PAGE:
Australia was poised to take a step in an unprecedented direction with the establishment of the country’s first pill testing initiative at a festival. The effort was set for its first deployment Canberra’s Spilt Milk music festival, though it has now been cancelled.
The trial was previously approved by The Labor Australian Capital Territory (ACT) government in September after the ACT engaged in talks with the Safety Testing Advisory Service at Festivals and Events (STA-SAFE) consortium. The consortium had agreed to take on the responsibility for running and supervising the testing service.
And yet, despite the ACT and STA-SAFE’s prior negotiations, organizers of the Spilt Milk festival released a statement that noted that they had not received the documentation from STA-SAFE that would permit the trials to be run on federal land. In order for the trials to proceed, Spilt Milk producers would need an operational plan, a risk assessment, and insurance and legal framework information. With the proper documentation in their possession, festival orchestrators would then be able to submit the paperwork to the National Capital Authority (NCA), the body that would then need to issue a permit to allow the trials to run. Without this documentation, a permit could not be obtained, and the trials would halt before even getting a chance to get started.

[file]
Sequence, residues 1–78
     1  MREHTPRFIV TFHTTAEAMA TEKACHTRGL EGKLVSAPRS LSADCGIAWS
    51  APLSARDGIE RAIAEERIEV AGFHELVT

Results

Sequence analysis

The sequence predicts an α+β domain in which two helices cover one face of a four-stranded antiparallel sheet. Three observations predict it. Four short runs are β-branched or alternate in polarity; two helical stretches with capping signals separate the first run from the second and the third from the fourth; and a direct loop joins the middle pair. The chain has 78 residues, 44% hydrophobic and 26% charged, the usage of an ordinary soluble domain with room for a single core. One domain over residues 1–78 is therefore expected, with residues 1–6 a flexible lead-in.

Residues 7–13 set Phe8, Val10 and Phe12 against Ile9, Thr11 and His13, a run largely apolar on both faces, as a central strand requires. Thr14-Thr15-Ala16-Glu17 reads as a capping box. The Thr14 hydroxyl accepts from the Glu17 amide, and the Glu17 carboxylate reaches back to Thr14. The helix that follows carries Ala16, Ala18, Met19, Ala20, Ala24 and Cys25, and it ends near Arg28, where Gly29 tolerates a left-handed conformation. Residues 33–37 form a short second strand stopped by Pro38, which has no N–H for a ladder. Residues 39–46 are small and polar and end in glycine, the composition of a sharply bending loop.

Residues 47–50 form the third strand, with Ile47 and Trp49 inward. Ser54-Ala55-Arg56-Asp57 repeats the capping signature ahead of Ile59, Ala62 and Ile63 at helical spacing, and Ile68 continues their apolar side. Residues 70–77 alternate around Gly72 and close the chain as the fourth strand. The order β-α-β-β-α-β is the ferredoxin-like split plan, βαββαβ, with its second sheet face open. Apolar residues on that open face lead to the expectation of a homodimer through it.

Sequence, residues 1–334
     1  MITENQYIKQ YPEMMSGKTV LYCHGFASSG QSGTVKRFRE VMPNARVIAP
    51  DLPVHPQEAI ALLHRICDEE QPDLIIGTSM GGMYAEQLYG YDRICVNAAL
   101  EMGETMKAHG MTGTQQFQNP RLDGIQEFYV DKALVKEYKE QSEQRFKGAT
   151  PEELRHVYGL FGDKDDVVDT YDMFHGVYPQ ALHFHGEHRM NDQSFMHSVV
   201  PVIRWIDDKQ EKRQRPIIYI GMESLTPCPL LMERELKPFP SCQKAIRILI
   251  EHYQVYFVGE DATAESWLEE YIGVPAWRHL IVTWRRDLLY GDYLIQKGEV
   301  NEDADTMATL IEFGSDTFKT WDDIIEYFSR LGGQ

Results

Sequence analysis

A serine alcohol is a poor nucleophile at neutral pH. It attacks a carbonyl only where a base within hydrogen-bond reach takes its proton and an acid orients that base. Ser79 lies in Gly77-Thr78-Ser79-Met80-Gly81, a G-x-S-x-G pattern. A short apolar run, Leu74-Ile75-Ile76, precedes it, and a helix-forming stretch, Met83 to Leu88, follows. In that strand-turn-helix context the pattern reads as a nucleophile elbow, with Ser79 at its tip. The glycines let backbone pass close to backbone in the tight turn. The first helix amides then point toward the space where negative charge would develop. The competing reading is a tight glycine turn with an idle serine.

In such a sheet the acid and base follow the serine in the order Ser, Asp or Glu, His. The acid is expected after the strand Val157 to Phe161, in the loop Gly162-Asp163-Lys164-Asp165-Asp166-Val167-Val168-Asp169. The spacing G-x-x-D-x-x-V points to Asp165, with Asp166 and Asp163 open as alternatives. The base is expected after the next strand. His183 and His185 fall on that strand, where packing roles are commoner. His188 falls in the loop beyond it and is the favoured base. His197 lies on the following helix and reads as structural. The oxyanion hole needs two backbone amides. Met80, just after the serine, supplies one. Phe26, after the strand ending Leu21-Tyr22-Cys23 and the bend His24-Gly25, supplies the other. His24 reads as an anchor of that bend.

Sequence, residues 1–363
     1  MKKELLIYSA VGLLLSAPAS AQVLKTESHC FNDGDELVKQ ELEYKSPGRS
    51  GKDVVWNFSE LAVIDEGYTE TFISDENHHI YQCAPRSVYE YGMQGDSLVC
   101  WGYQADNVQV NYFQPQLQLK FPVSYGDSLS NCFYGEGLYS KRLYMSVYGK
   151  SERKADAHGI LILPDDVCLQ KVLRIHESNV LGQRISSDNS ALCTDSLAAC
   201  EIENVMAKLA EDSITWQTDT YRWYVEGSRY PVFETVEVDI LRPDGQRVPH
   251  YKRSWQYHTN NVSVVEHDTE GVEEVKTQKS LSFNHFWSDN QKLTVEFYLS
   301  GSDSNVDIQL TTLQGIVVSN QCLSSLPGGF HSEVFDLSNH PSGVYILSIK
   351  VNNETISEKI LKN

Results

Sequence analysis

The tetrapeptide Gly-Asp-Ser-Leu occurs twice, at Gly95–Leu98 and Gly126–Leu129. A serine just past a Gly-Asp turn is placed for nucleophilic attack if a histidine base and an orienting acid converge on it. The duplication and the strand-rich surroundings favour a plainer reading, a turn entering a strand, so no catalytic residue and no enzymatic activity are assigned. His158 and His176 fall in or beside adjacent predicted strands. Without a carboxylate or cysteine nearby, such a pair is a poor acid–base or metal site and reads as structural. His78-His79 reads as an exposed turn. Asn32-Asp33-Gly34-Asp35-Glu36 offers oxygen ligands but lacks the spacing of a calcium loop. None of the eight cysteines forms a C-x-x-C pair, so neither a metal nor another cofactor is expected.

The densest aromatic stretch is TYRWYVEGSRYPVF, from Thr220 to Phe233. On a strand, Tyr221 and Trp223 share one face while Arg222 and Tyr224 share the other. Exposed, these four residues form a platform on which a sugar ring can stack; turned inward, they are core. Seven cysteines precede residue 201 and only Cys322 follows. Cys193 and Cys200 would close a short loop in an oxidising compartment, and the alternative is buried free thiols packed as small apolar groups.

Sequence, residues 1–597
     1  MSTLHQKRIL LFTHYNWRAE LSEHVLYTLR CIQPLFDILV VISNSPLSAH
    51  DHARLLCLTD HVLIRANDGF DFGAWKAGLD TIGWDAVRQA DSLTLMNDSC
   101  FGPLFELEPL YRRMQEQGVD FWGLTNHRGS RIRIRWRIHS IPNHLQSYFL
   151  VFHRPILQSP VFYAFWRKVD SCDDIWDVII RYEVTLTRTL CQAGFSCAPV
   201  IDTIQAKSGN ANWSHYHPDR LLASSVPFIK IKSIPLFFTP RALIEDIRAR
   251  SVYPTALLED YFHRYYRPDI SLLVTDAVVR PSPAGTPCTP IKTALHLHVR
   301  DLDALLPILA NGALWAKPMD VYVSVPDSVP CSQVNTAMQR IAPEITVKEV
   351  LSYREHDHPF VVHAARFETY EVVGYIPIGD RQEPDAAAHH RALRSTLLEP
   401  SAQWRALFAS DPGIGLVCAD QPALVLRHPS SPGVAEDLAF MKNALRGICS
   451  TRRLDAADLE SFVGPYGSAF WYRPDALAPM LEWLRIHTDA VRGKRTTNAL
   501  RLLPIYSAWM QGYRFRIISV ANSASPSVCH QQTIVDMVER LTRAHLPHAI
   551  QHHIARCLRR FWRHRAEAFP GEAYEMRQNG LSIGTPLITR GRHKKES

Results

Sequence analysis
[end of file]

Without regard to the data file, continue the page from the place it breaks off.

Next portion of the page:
STA-SAFE member, Dr. David Caldicott told ABC Radio that STA-SAFE had not fielded a request for such documentation, commenting that the group has “…provided every piece of documentation that has been requested.” Caldicott gestured towards political pressure, identifying such pressure as the likely culprit in the trials’ failure to advance. The ACT Liberal Party’s health spokeswoman, Vicki Dunne, was quoted in August stating “The Spilt Milk festival is at Commonwealth Park, which is on Commonwealth (federal) land. Pill testing will need Commonwealth Government approval and I doubt that they will give it.”
The ACT Liberal Party has since taken credit for thwarting the pill testing plans.